Take the 2-minute tour ×
Stack Overflow is a question and answer site for professional and enthusiast programmers. It's 100% free.

There is a situation that whenever a write occurs, fsync is used with that write. Then, how to minimise the disk access? How the kernel does this?

fsync() transfers ("flushes") all modified in-core data of (i.e., modified buffer cache pages for) the file referred to by the file descriptor fd to the disk device (or other permanent storage device).

I think Kernel can transfer the data of all the modified buffers to the hard disk periodically after some time. So that it can minimise the disk access.

Please give some suggestions/hints.

share|improve this question

1 Answer 1

In general, try to avoid overthinking it. Don't call fsync, just let the kernel decide when to do the physical write.

Here are kernel options for ext4, which you can use to tune the kernel's behavior to your needs - but this would be a server tuning exercise rather than something you could implement from your application: http://kernel.org/doc/Documentation/filesystems/ext4.txt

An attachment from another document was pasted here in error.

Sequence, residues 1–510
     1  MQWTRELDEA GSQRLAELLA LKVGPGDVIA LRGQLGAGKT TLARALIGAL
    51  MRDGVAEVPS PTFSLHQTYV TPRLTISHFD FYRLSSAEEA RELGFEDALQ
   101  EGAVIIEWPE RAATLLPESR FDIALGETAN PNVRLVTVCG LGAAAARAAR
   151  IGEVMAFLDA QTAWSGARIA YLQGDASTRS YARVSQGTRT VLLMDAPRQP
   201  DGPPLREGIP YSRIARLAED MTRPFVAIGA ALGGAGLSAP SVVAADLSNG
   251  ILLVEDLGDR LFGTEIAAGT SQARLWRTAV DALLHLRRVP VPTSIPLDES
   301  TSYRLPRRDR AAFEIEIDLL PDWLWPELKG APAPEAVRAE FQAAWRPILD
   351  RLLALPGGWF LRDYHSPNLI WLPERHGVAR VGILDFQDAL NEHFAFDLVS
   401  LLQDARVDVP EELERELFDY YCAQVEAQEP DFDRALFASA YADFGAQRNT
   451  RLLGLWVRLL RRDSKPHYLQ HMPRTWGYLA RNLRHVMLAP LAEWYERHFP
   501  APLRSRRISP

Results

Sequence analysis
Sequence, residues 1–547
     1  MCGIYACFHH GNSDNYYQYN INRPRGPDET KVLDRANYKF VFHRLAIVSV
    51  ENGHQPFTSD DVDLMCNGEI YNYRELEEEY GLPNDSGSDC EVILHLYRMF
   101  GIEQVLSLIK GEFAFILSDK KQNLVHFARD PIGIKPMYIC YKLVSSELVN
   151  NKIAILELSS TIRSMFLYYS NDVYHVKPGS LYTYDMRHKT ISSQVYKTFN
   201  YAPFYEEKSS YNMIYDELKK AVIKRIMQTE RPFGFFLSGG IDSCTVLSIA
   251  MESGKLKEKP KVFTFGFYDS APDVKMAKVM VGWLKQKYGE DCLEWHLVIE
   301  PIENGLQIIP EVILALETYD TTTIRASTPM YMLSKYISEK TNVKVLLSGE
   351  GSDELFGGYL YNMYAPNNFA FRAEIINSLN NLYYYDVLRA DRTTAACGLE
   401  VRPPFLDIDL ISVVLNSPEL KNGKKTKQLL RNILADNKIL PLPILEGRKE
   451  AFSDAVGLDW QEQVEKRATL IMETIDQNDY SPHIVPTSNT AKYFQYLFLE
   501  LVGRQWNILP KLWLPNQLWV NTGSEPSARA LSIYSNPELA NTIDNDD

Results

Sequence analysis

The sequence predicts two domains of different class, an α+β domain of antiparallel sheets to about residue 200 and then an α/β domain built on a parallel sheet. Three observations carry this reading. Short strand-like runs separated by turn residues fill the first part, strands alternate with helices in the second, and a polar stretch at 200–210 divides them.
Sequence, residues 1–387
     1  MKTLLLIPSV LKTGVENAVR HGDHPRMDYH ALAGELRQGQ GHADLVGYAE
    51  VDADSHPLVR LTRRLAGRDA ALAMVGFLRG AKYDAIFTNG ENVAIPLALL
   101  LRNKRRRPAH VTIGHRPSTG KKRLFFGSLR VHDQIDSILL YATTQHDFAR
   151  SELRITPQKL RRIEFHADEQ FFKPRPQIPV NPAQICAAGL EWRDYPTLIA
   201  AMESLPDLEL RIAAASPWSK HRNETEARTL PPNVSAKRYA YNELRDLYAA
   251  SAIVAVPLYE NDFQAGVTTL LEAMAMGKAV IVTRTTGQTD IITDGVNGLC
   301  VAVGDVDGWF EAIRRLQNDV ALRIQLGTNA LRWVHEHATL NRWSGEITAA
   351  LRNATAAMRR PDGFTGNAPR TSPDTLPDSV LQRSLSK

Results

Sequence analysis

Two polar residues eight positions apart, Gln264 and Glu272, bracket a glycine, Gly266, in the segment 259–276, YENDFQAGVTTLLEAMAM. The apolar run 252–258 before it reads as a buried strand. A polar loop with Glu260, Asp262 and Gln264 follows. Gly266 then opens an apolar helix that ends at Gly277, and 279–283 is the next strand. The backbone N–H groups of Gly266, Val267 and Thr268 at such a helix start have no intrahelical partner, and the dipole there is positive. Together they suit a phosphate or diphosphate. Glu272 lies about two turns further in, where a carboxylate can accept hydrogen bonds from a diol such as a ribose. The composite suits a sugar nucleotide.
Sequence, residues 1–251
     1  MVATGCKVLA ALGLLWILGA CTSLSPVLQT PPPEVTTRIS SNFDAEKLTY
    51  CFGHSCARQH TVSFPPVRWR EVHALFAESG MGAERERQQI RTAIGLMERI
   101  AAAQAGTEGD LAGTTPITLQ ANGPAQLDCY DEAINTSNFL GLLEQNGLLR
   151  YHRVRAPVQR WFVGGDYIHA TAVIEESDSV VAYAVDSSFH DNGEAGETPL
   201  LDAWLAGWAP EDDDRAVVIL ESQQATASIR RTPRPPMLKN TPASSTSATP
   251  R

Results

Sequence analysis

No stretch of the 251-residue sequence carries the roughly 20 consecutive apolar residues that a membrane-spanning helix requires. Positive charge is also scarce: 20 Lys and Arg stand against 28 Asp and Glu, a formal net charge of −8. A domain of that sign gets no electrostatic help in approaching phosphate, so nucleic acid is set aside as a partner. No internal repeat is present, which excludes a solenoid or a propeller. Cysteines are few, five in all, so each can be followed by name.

This might be an interesting one: " max_batch_time=usec Maximum amount of time ext4 should wait for additional filesystem operations to be batch together with a synchronous write operation. "

share|improve this answer
    
Its an interview question. –  Luv May 25 '12 at 3:19

Your Answer

 
discard

By posting your answer, you agree to the privacy policy and terms of service.

Not the answer you're looking for? Browse other questions tagged or ask your own question.